Last week we looked at airspace from the very highest level – the Flight Information Regions. UK airspace is divided into three; the London, Scottish and Shanwick Oceanic FIRs
The Scottish FIR covers the skies over Scotland and Northern Ireland. The Shanwick Oceanic FIR covers a region of airspace totalling 700,000 square miles over the North East Atlantic and adjoins the Gander FIR that’s looked after by our Canadian friends. You can see how the jigsaw of FIRs fits together by tapping the ‘airspace’ button on the Airspace Explorer dashboard.
NATS manages the airspace within the FIRs from our two centres – one in Swanwick and the other in Prestwick, Ayrshire. The air traffic controllers who work there use radar to safely guide aircraft that might be hundreds of miles away.
But even with Swanwick and Prestwick there are different teams of controllers doing different types of controlling.
Swanwick Centre, which has been in operation since 2002, combines:
The London Area Control Centre (LACC) which manages en route traffic in the London Flight Information Region. This includes en route airspace over England and Wales up to the Scottish border.
The London Terminal Control Centre (LTCC) which handles traffic below 24,500 feet (although this varies slightly in some places) flying to or from London’s airports. This area, one of the busiest in the world, extends south and east to the borders of France and the Netherlands, west towards Bristol and north to near Birmingham.
Military Air Traffic Control which provides services to military aircraft (and civil aircraft when required) operating outside of controlled airspace. They work closely with civilian controllers to ensure the safe co-ordination of traffic.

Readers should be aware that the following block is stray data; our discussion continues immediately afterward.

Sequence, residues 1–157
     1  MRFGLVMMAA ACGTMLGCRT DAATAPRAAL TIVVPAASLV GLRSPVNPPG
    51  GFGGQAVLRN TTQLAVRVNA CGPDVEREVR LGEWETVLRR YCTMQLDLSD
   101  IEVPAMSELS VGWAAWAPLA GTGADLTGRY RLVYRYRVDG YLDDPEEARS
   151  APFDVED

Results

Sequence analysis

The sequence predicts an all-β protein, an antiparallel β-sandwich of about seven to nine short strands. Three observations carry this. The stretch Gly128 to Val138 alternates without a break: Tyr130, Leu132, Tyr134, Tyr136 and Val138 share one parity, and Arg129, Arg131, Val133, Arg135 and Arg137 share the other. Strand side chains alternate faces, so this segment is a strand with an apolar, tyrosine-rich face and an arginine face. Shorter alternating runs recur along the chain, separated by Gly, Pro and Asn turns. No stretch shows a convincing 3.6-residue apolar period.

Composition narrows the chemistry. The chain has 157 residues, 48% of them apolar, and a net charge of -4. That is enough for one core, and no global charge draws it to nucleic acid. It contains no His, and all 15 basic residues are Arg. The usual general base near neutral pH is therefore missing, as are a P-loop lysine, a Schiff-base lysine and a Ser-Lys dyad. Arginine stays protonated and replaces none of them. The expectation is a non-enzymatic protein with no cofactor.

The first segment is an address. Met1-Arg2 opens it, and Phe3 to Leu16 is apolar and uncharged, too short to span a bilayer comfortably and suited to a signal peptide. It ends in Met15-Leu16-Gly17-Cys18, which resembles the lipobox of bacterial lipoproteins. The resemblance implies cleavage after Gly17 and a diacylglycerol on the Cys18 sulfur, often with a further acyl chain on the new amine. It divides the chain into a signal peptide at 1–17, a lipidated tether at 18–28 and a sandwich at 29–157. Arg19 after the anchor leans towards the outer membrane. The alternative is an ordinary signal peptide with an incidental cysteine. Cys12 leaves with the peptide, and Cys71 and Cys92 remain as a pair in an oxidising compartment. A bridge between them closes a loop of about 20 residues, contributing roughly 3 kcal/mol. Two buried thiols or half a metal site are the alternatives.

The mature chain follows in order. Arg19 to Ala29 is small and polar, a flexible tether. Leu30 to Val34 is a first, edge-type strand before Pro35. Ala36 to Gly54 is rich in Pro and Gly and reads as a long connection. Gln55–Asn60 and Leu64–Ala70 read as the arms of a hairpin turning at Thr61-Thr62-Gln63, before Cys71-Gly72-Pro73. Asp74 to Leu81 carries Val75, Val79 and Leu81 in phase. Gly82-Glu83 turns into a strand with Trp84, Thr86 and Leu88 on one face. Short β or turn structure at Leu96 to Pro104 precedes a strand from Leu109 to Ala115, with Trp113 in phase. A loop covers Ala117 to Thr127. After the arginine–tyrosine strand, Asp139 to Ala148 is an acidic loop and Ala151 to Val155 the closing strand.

Prestwick Centre, which has been in operation since 2010, combines three areas of responsibility:
Prestwick Centre Lower Airspace South (PC LA South), which controls aircraft over much of the north of England, the Midlands and north Wales from 2,500 feet up to 28,500 feet.
The Scottish Area Control Centre (ScACC), which controls aircraft over Scotland, Northern Ireland, Northern England and the North Sea from 2,500 feet up to 66,000 feet.
The Oceanic Area Control Centre (OACC), which controls the airspace over the eastern half of the North Atlantic from the Azores (45 degrees north) to a boundary with Iceland (61 degrees north). With no radar coverage over the ocean, aircraft are controlled procedurally and mainly follow tracks set each day.
So that covers both Flight Information Regions and how the aircraft within them are controlled from our two centres.
Don’t forget you can explore all this and see it happening in real time through our new Airspace Explorer app, available to download now from the App Store.
Please respect our commenting policy and guidelines when posting on this website.
This is rather confusing Brendan. The Manchester Area Control Centre closed on the evening of Friday 22nd/Saturday 23rd January 2010. The airspace for which it was responsible became the West 2 Local Area Group, (W2 LAG) at Scottish Area Control Centre, and the RTF callsign became ‘Scottish Control’. The W2 LAG airspace is, essentially, a large chunk of ‘delegated airspace’, which still lies within the London FIR. The article above, as written, implies that MACC still exists.
Just re-reading my last comment and of course the former MACC airspace, (EGPX W2), extends upwards into the London UIR as well as the FIR.